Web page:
The Spousal Caregiver: More on Crying
November 2, 2013
In my last blog, I wrote that a good cry helped to dissipate the mental overload I was suffering. As a caregiver, I have learned the therapeutic effects of crying. Growing up, I was taught that crying is bad, that we shouldn’t cry, and certainly not in public. I remember so many times in my childhood trying to hold back tears: one trick I learned was to hold my breath and count to three.
Fast forward 40 or 50 years, and I find myself having just married for the second time, and my husband immediately showing signs of his genetic, neurodegenerative illness, FXTAS. My whole world was quickly collapsing around me, having to take on more and more of Vince’s care, as well as responsibility for every other detail of our lives. And worst of all, his dementia took him away from me—even though he is physically with me, he has barely spoken in years. Over the past 14 years of this ordeal, I have not only cried a lot, but have loudly WAILED. There has been so much emotional pain inside of me, that if I didn’t cry, I would SCREAM or throw things, which I have actually done.
In more recent years, thankfully, I have learned that when the anger comes, I can sit down and talk it out with myself (and with God), being compassionate with myself, and the anger will turn to tears—healing tears that empty the sadness and cleanse my spirit. I think of it as “mindful crying.” I know why I am crying, and I know that it will alleviate my grief, whether it takes 10 minutes, or even half an hour or more.
I have read that crying is physiologically healthy—it rids the body of stress chemicals and enables us to feel comforted. God gave us tears for a reason, and we should not be ashamed to take advantage of this natural healing process. It is so wrong that we are often taught to be “tough.” Developing a tough skin, as many people advocate, walls us off in our own fortresses and makes us insensitive to the pain of others. I am no longer afraid to see other people cry. If someone cries in front of me, I encourage it, give them a hug or take their hand, and assure them that crying is perfectly natural and a good thing.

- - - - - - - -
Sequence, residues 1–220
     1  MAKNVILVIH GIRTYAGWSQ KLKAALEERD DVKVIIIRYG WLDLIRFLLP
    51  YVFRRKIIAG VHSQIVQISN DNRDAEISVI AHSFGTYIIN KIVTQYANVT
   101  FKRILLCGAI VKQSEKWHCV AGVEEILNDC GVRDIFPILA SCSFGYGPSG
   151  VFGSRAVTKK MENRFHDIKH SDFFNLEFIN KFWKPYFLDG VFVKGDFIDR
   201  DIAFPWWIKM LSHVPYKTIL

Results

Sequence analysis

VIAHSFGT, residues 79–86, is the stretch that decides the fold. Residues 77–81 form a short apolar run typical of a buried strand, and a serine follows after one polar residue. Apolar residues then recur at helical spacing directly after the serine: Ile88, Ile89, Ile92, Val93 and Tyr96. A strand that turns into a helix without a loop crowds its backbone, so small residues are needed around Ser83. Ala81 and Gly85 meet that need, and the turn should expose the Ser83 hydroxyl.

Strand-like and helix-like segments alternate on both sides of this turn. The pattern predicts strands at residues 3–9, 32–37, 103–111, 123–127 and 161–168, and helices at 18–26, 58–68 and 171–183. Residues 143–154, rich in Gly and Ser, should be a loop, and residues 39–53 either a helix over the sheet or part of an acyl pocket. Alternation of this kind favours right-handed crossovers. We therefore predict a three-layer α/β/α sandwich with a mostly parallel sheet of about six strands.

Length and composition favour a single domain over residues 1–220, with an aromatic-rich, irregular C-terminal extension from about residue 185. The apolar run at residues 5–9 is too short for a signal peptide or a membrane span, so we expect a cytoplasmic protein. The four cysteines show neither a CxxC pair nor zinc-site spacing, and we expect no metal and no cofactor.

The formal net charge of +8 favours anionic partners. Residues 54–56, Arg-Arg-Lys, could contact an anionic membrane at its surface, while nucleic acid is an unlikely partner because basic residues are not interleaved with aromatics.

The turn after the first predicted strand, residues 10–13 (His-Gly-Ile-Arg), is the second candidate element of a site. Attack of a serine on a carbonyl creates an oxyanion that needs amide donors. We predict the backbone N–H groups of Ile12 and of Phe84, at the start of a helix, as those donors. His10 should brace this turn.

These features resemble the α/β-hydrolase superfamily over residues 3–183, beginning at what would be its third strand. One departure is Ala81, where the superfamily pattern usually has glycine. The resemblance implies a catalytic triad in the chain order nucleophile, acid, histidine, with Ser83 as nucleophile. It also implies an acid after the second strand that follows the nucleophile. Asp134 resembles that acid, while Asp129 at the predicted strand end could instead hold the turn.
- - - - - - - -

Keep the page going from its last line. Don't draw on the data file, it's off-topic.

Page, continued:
Of course, if you are crying all the time and feel out of control, you should seek help from counseling, antidepressants, more sleep, or a better diet—less carbs and sugars, and more proteins and fats.
About the Author
Terri Corcoran lives in Falls Church, Virginia, and has been a full-time caregiver for her husband, Vince, since 2004. Vince is severely disabled physically and mentally by the genetic condition Fragile X-Associated Tremor Ataxia Syndrome (FXTAS). Terri is on the Board of Directors of the Well Spouse® Association (https://www.wellspouse.org/), which offers support and resources for spousal caregivers.
She also serves as the association’s PR chairperson and the editor of their quarterly newsletter Mainstay. She has published articles and has been interviewed for magazine articles and on radio shows about FXTAS and the unique challenges of spousal caregiving.
Although not formally trained in caregiving, Terri has, by necessity, become well-educated in the trials of family caregivers.
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